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Itâs quite common to hear about bank webpages being modified by malware and certain resources (e.g., antivirus-related ones) being at risk of becoming blocked. How difficult is it for cybercriminals to perform such maneuvers? Letâs take a look.
So, if we visit a website, some programs are downloaded onto our computer (as text scripts with very simple syntax), and a cybercriminal can modify those programs as they see fit.
Unfortunately, no solution exists that can help determine whether what we see displayed on website pages is exactly what the site owner wants us to see. Alas, a website can be modified on the developer side (as a result of hacking, the presence of a vulnerability in the website’s engine, or due to a trivial leak of the passwords used to access it), as well as on the user side. Banking Trojans and phishers especially like to modify website pages. To minimise the risk, it is essential that you use anti-virus software that doesn’t allow malware to penetrate your computer.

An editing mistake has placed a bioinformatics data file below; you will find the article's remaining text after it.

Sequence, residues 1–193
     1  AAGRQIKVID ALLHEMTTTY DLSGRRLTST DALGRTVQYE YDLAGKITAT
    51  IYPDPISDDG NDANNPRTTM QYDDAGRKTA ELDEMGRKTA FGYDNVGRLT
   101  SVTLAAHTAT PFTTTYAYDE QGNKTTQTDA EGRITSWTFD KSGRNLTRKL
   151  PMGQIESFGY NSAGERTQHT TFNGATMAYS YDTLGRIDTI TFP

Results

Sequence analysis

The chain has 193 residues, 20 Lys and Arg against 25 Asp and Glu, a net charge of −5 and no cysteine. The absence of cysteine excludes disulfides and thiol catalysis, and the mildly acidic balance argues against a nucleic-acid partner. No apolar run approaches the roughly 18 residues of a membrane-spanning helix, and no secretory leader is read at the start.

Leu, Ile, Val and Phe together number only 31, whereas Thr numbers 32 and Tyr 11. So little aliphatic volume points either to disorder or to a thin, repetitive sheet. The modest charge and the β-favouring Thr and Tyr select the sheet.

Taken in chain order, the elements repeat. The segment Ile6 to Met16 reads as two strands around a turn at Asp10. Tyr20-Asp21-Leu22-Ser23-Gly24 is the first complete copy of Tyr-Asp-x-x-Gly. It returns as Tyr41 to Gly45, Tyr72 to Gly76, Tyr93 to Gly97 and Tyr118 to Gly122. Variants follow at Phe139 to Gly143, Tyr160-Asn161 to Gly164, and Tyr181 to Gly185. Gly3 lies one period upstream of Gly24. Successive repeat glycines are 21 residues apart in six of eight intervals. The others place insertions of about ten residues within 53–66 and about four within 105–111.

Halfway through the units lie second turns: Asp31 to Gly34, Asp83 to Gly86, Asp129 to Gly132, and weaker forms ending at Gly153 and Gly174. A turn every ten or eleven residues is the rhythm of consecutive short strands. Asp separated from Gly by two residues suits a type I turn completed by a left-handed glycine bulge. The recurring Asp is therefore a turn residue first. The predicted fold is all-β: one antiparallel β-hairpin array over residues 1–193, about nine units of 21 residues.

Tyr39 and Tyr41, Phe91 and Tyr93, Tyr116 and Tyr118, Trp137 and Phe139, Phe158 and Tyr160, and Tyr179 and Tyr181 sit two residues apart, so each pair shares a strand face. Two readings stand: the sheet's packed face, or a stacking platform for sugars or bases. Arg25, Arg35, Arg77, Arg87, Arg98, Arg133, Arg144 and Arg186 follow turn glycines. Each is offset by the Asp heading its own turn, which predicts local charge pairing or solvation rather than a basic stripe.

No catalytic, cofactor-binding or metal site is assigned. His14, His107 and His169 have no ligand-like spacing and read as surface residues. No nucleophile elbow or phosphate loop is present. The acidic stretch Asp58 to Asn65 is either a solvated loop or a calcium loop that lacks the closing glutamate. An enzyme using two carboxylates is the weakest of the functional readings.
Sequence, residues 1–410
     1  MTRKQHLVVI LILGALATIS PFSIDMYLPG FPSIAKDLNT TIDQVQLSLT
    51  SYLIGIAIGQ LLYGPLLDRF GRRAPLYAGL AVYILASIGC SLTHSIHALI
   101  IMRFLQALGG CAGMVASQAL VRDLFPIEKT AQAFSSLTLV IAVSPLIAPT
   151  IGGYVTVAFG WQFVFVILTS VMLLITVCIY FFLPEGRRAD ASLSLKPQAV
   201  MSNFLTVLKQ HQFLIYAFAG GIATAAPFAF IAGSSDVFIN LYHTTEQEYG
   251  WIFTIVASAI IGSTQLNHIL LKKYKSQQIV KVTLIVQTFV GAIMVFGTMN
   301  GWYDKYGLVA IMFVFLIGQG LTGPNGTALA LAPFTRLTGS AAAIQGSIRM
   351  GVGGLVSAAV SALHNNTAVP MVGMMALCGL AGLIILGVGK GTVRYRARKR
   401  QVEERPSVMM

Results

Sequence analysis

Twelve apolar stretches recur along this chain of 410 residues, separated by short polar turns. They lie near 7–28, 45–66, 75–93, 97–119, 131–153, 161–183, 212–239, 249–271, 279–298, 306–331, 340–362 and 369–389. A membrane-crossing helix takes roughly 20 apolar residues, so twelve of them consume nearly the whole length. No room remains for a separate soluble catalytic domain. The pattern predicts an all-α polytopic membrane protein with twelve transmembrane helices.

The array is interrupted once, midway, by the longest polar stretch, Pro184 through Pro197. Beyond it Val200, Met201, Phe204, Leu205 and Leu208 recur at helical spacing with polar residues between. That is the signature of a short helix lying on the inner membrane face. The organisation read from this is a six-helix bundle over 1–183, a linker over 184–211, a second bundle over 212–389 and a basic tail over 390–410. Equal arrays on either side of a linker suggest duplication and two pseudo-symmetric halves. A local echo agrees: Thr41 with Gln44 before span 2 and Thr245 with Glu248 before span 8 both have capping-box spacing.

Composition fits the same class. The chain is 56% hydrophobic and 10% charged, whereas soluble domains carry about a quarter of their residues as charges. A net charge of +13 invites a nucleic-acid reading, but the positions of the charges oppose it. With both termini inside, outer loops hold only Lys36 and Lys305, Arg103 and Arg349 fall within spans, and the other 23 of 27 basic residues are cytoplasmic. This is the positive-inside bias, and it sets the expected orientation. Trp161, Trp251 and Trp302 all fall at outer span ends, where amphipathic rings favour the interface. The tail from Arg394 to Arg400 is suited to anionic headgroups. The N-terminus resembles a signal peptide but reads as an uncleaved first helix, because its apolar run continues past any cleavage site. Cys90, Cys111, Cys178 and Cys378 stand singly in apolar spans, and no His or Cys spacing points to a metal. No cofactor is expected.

Dr.Web ShellGuard technology is an effective security tool for preventing website pages from being modified. It tracks attempts made to embed malicious code (exploits) in a browser’s running process and prevents malware or phishing modifications.
Learn more about this technology on the page Technologies for analysing behaviour and terminating malicious processes—Dr.Web ShellGuard.
- In the browser’s address bar, enter the command about:config.
- In the newly appeared window, click on “I’ll be careful; I promise!”.
- Left-click on the Status column; select “Switch”; and in the column “Value”, change “false” to “true”.
- Reload the current browser page.